The New Black Panthers
The slam-dunk prosecution of these thugs was dropped by Holder’s Justice Department. When asked why, Holder, on March 1, 2011, testified before the House Appropriations Subcommittee on Commerce, Justice, Science and Related Agencies on March 1, 2011 that the “decisions made in the New Black Panther Party case were made by career attorneys in the department.”
Holder lied, for the decisions were made by political appointees. J. Christian Adams, a former career DOJ attorney in the Voting Rights Section, testified before the U.S. Civil Rights Commission that it was Associate Attorney General Thomas Perrelli, an Obama political appointee, who overruled a unanimous recommendation for prosecution by Adams and his associates.
Documents obtained by Judicial Watch and a ruling by Judge Reggie B. Walton of the U.S. District Court for the District of Columbia in response to a suit brought by the group show that “political appointees within DOJ were conferring about the status and resolution of the New Black Panther Party case in the days preceding the DOJ’s dismissal of claims in that case.”
“When did you first know about the program officially I believe called Fast and Furious? To the best of your knowledge, what date?” House Oversight Committee Chairman Darrell Issa asked Holder in sworn testimony on May 3, 2011. Holder lies to Congress in response, “I’m not sure of the exact date, but I probably heard about Fast and Furious for the first time over the last few weeks.”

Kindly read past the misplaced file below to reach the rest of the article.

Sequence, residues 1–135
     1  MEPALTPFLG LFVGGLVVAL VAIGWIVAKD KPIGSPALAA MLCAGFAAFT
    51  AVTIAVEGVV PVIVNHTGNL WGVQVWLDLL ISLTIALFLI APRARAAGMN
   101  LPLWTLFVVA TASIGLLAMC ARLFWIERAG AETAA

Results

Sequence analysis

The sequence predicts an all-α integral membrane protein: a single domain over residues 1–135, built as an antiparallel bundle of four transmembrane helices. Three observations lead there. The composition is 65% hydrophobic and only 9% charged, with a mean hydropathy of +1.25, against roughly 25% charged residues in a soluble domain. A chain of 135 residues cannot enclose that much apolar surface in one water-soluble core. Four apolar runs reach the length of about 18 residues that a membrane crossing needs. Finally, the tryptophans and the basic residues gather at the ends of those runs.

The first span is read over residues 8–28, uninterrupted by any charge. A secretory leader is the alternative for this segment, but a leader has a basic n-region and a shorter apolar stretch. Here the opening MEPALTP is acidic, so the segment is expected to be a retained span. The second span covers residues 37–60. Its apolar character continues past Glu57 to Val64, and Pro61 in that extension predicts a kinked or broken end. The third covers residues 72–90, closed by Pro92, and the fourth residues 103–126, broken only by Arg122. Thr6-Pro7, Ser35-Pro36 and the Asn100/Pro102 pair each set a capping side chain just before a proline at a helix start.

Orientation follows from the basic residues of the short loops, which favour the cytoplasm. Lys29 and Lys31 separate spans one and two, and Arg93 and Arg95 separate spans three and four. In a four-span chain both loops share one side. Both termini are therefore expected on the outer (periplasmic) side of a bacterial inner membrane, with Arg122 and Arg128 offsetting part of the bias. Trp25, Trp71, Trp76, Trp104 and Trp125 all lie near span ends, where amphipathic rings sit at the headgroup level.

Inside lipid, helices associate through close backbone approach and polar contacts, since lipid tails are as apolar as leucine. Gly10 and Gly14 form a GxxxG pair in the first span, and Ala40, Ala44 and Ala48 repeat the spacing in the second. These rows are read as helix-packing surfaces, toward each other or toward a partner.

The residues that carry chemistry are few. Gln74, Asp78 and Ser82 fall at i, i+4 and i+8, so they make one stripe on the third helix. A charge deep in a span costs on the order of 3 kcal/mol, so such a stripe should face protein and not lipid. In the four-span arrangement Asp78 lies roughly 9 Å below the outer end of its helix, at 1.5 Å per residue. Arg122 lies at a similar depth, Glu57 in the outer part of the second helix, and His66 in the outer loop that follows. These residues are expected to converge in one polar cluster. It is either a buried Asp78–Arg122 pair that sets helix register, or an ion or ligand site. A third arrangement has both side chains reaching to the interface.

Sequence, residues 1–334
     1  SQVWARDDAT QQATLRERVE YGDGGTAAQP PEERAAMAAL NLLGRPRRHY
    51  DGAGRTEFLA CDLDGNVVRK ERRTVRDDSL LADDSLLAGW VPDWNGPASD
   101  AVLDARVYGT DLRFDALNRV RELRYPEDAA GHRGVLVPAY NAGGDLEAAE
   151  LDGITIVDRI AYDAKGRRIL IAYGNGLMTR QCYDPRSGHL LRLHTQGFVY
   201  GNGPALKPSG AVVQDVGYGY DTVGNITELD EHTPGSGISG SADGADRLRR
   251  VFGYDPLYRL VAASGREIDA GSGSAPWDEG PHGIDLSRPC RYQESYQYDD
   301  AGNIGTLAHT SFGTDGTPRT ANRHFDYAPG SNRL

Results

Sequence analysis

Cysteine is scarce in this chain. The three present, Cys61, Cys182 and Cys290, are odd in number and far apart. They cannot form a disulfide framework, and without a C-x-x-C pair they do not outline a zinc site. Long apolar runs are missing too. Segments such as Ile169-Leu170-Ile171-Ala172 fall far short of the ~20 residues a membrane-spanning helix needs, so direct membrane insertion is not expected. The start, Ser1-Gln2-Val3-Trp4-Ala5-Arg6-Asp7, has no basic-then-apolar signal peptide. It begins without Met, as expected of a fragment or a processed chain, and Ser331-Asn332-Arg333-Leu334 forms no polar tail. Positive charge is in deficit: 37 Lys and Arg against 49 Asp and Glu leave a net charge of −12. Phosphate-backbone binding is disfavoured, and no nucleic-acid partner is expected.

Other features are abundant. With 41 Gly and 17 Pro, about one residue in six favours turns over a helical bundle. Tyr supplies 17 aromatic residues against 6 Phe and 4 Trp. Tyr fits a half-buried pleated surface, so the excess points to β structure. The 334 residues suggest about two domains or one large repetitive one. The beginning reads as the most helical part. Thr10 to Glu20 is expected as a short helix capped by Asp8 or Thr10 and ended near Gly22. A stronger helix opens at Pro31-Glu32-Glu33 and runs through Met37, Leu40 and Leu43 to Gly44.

A July 2010 memo shows Michael Walther, head of the National Drug Intelligence Center, told Holder that straw buyers in Fast and Furious “are responsible for the purchase of 1,500 firearms that were then supplied to the Mexican drug trafficking cartels.”
Deaths of US Law Enforcement people resulted — and even more deaths resulted from people in Mexico who were killed by Obama’s guns. The response would seem to be, “you can’t make an omelet without breaking a few eggs. The Attorney General is held in contempt of Congress. What is the impact on this shocking result? Nothing. He’s still an effective tool of the Obama Administration.
Holder lied to Congress. Now we know that he personally signed off on James Rosen’s warrant. The first two judges that Holder went to personally to obtain approval for the warrant refused to sign it. Finally he found a willing tool. What did he promise the judge? Nobody knows at this point, but the Chicago Way calls for a quid pro quo (bribe/favor, whatever) to the judge. Holder’s defenders say that his statement before Congress is technically correct because he never meant to prosecute Rosen, only to find the leaker. If so, then he lied to a federal judge.
Similarly, Holder’s testimony to the House Judiciary Committee that he had recused himself from the Associated Press leak investigation that led to the blanket seizure of call records is not backed up by a formal recusal letter, which is required under such circumstances.